Sessions v. Morales-Santana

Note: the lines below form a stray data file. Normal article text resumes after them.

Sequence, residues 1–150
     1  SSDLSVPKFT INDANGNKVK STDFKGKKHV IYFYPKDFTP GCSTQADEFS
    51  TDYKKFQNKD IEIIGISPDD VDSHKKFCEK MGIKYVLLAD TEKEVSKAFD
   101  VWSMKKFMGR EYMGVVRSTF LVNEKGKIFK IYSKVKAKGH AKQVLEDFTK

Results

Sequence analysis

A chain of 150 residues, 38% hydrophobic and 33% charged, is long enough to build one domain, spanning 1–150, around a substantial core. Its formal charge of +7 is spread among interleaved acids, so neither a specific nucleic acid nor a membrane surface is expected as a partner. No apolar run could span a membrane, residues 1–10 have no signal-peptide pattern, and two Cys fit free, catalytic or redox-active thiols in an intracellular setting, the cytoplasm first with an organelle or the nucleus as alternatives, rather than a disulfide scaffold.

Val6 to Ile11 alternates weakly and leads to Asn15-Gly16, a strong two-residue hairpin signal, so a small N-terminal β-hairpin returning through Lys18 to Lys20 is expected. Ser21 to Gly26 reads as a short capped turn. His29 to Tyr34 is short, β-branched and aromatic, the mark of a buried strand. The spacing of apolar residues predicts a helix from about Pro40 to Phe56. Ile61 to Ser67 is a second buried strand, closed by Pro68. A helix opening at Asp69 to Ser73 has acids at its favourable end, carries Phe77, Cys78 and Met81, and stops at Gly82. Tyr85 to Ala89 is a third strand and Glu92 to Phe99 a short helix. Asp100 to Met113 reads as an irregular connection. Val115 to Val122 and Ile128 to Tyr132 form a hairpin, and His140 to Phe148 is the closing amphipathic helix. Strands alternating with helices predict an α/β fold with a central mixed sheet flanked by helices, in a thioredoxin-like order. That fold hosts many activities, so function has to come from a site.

The Immigration and Nationality Act, 8 U.S.C. 1401(a)(7), provides a path to citizenship for a child born abroad if the child’s U.S.-citizen parent has 10 years’ physical presence in the U.S. before the child’s birth, “at least five of which were after attaining” age 14. Section 1409(c) provides that an unwed U.S.-citizen mother's citizenship can be transmitted to a child born abroad if she has lived continuously in the U.S. for one year before the child’s birth. Morales-Santana’s father, José, moved to the Dominican Republic 20 days before his 19th birthday, so he did not satisfy 1401(a)(7)’s requirement for physical presence after age 14. A Dominican woman gave birth to Morales-Santana in 1962. José accepted parental responsibility. Morales-Santana has lived in the U.S. since he was 13. In 2000, the government sought to remove Morales-Santana based on criminal convictions, ranking him as alien. The Supreme Court affirmed the Second Circuit, ruling in Morales-Santana’s favor. The statute’s gender line is incompatible with the Fifth Amendment’s equal protection requirement. Morales-Santana has third-party standing to vindicate his deceased father’s rights. The Court applied “heightened scrutiny” and found no important governmental interest for the law’s “overbroad generalizations.” Given the choice between extending favorable treatment to the excluded class or withdrawing favorable treatment from the favored class, the Court noted that extension of favorable treatment to fathers would displace Congress’ general rule, the longer physical-presence requirements. Pending Congressional action, the five-year requirement should apply, prospectively, to children born to unwed U.S-citizen mothers. View "Sessions v. Morales-Santana" on Justia Law